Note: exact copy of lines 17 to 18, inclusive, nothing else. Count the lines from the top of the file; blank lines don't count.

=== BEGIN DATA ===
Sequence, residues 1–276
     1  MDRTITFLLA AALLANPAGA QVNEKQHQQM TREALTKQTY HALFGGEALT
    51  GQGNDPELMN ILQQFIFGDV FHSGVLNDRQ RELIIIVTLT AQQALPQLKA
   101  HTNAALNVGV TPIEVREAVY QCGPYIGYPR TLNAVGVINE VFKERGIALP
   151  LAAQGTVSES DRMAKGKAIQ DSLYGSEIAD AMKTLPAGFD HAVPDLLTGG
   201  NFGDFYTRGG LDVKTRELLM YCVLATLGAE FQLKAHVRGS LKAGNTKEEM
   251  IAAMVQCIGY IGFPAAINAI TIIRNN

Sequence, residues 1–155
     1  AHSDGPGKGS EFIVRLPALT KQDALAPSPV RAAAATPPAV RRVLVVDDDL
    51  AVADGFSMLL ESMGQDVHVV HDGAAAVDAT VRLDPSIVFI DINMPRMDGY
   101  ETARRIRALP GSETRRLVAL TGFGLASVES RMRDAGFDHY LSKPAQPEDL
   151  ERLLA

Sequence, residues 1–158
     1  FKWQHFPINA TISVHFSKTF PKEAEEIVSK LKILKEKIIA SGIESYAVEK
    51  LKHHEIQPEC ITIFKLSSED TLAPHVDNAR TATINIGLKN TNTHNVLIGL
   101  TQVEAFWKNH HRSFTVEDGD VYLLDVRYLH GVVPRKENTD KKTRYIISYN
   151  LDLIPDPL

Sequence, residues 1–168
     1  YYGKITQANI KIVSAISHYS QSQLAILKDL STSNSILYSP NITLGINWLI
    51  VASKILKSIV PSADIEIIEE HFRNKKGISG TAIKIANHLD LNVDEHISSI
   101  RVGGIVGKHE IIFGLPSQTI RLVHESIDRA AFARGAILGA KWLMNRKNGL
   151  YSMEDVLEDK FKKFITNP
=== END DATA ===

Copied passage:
   151  LDLIPDPL

Sequence, residues 1–168